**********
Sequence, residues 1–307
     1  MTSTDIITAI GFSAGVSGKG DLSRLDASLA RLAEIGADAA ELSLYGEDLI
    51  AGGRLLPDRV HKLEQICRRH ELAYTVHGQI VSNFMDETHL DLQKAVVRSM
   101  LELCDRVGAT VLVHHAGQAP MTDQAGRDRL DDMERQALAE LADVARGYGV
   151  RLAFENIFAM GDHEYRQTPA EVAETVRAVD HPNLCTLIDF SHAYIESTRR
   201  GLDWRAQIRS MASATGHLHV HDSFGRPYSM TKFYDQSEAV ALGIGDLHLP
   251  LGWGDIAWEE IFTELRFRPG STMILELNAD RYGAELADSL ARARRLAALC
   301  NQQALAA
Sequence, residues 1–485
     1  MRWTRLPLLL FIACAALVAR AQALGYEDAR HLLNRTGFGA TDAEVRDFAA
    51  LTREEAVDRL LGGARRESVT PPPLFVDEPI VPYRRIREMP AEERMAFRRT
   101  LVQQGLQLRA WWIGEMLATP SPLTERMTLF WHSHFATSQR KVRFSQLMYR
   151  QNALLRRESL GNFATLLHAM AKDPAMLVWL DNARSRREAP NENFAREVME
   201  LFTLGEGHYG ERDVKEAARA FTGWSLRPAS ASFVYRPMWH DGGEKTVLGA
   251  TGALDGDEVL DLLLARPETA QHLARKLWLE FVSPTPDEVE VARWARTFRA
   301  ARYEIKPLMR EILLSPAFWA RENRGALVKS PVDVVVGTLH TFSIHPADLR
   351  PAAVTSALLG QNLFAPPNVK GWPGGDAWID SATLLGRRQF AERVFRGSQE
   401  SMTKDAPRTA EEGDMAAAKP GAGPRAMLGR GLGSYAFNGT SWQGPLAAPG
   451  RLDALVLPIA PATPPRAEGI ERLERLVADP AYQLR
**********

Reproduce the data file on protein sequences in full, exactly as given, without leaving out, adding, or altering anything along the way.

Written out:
Sequence, residues 1–307
     1  MTSTDIITAI GFSAGVSGKG DLSRLDASLA RLAEIGADAA ELSLYGEDLI
    51  AGGRLLPDRV HKLEQICRRH ELAYTVHGQI VSNFMDETHL DLQKAVVRSM
   101  LELCDRVGAT VLVHHAGQAP MTDQAGRDRL DDMERQALAE LADVARGYGV
   151  RLAFENIFAM GDHEYRQTPA EVAETVRAVD HPNLCTLIDF SHAYIESTRR
   201  GLDWRAQIRS MASATGHLHV HDSFGRPYSM TKFYDQSEAV ALGIGDLHLP
   251  LGWGDIAWEE IFTELRFRPG STMILELNAD RYGAELADSL ARARRLAALC
   301  NQQALAA
Sequence, residues 1–485
     1  MRWTRLPLLL FIACAALVAR AQALGYEDAR HLLNRTGFGA TDAEVRDFAA
    51  LTREEAVDRL LGGARRESVT PPPLFVDEPI VPYRRIREMP AEERMAFRRT
   101  LVQQGLQLRA WWIGEMLATP SPLTERMTLF WHSHFATSQR KVRFSQLMYR
   151  QNALLRRESL GNFATLLHAM AKDPAMLVWL DNARSRREAP NENFAREVME
   201  LFTLGEGHYG ERDVKEAARA FTGWSLRPAS ASFVYRPMWH DGGEKTVLGA
   251  TGALDGDEVL DLLLARPETA QHLARKLWLE FVSPTPDEVE VARWARTFRA
   301  ARYEIKPLMR EILLSPAFWA RENRGALVKS PVDVVVGTLH TFSIHPADLR
   351  PAAVTSALLG QNLFAPPNVK GWPGGDAWID SATLLGRRQF AERVFRGSQE
   401  SMTKDAPRTA EEGDMAAAKP GAGPRAMLGR GLGSYAFNGT SWQGPLAAPG
   451  RLDALVLPIA PATPPRAEGI ERLERLVADP AYQLR